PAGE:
Destiny and Internal Monologue

buttonsThe man sits alone behind the rock, his camera jammed tight to his eye. He breathes quietly, ignoring the cramp in his left foot. The baby deer in his viewfinder stumbles a little closer and he steadies his already shaking hand. His pale blonde hair falls in his face, distracting him for a second. He shifts his camera and brushes his hair out of his face. He grins as he remembers the ridiculous amount of money he’s being payed to film this deer. “It’ll be the nature documentary of the century” his boss had said to him, back in their London office, “It’ll be bigger than David Attenbourough, more exciting than…than any other nature documentary.” And then he had sent George off to film deer in Wales.

Wales, George thought happily, had to be the easiest assignment he had ever gotten. He began to relax, reaching into his pocket for a granola bar. He settled into a more comfortable position and began eating, the deer didn’t seem to be going anytime soon. He kept the camera focused on the deer, it had settled down too and was watching a bush closely, as if it might be jumped any minute.

The deer itself was very content, it had no idea it was being filmed for the nature documentary of the year. It lay quietly in the grass, munching whatever it was he was supposed to munch and thinking about whatever it was deer were supposed to think about. It was eyeing the bush suspiciously but this not unusual for deer.

The bush itself sat quietly, wishing that George would leave so he could get up and start his day. He was a very important bush, known to his people as Grimbenthorne the Bush. He was leader of the Bush tribe and had meetings to attend and lesser bushes to boss around. Grimbenthorne rustled his leaves impatiently, he was rapidly becoming annoyed at the human who sat there filming a deer with a camera. He knew why George was here, he had heard him muttering to himself earlier. Nature documentary of the century, Grimbenthorne thought scathingly, more like the most boring thing in the history of infinity. He had no idea who would want to watch a deer sitting around, this one wasn’t even doing anything interesting. He wondered vaguely what would happen if he suddenly revealed himself to George, told him the truth about the Bush Tribe of Wales and the living bushes of England. That would be the nature documentary of the century, he thought.

George was getting bored, the deer wasn’t moving and he was still supposed to get another 2 hours of footage. He started to wish he’d gotten the African assignment, Paul was probably filming a wildebeest being eaten by a buffalo or an alligator fight, something more exciting that this. He was filming a deer watching a bush. He wished there was more tension in his life, some major event that would move him forward. He sighed and leaned back against the rock.

Grimbenthorne the Bush suddenly decided that he had had enough waiting around for this peasant to leave. He stood up, as much as a bush could stand up and walked away, deciding it would be best to not look back and to act as though this was a perfectly usual thing for a bush to do. The deer, who was becoming quite used to the bush doing this by now, gave a small start but continued eating grass.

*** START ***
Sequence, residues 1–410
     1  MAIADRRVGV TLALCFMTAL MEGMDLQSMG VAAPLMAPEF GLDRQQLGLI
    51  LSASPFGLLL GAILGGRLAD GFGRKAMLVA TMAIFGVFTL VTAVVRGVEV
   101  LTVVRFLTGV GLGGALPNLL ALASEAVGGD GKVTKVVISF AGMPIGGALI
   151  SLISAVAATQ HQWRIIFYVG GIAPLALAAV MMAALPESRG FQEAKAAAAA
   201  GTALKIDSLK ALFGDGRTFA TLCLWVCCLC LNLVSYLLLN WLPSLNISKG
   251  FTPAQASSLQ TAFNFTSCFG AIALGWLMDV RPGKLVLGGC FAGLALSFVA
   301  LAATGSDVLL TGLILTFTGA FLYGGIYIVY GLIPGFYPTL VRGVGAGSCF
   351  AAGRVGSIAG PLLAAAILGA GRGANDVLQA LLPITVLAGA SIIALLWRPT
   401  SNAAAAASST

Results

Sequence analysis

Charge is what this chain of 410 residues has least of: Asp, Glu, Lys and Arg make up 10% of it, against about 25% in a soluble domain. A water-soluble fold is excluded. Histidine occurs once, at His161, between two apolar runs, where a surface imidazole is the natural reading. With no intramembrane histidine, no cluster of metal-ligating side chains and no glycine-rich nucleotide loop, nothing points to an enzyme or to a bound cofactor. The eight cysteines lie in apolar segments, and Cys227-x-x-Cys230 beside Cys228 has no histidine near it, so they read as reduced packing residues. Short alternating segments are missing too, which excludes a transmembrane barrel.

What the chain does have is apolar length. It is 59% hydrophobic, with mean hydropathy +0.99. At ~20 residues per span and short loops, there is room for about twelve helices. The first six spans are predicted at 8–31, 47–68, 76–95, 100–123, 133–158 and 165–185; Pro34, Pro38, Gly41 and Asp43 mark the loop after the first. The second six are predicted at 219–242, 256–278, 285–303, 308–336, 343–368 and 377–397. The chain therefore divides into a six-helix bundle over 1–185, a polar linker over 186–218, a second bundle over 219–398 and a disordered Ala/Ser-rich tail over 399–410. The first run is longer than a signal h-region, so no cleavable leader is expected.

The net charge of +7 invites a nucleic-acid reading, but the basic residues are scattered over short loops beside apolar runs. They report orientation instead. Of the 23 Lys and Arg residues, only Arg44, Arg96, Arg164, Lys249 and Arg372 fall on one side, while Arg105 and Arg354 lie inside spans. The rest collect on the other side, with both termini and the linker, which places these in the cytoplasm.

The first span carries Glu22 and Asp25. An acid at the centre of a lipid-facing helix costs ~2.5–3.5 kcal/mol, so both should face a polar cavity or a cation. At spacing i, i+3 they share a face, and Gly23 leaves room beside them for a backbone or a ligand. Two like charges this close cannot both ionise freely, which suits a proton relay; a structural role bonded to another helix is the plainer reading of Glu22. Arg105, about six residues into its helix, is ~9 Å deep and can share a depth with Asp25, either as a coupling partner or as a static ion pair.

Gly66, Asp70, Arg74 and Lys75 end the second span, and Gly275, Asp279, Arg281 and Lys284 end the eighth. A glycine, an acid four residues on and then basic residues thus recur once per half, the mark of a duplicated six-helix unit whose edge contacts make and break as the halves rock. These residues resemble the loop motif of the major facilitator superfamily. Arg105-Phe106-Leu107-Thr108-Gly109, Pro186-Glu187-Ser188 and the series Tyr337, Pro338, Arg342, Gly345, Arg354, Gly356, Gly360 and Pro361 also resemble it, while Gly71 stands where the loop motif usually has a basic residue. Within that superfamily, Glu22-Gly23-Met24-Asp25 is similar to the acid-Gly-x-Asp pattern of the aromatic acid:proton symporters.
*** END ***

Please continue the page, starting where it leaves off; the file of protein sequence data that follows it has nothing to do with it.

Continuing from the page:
George stared at the bush, which had started doing a weird shuffle away. He grabbed his camera and ran towards, yelling, for a lack of anything better to say, “Excuse me! Where are you going? You can’t just do that.” Grimbenthorne turned to George and said “I’ll have you know I can do whatever I want peasant!” George did not speak the language of the bushes and he merely stared at the bush as it spun around and rustled at him. He kept his camera on the bush, slowly realizing that this actually could be the nature documentary of the century. He had discovered some new life form, a bush that moved and rustled, not the most exciting creature to appear on film certainly but it was new and that was all people watching these films wanted to see. He wondered if he could persuade the bush to eat a penguin or something, people loved those kind of things.

George suddenly stopped, the camera that had been filming the bush slowly lowering to his side. Was this the right choice to make, he thought, was it wise to reveal a living bush to the world? Would it be like that film where the things were revealed and then bad things happened? George paused in his internal questioning to criticize his lack of knowledge about animal films. Perhaps it was Free Willy or Bambi, he wasn’t really sure. Moving back to his brain he continued to question himself, full of self doubts. Maybe, he reasoned, it was destiny, maybe he was in the right place at the right time and he was supposed to be filming this bush. Reaching an important internal decision he threw the camera down aggressively, destroying the footage of a living bush forever. With one last sweeping glance at the clearing he turned his back on the clearing and strode away. The deer opened one eye lazily and watched him go before falling back asleep.

If anyone had seen what he had done and the choice he had made they would have thought of George as a good human, but they hadn’t so in the eyes of the rest of the world he was merely a poor film-maker who had dropped a rather expensive camera.

Jacob and the Butterfly – DP Challenge

For the WordPress Creative Writing Challenge. Challenge was to “Tell us the tale of a human-animal transformation” and I once again demonstrated my ability to read things too fast and ignore important parts of the directions.

ButteryFlies(via)

The sun rose, a pale orb that grew softly, heating the small valley. Birds began singing, flowers spread their petals, deer shook the dew off their skin and the whole world felt like a sickly sweet Disney film.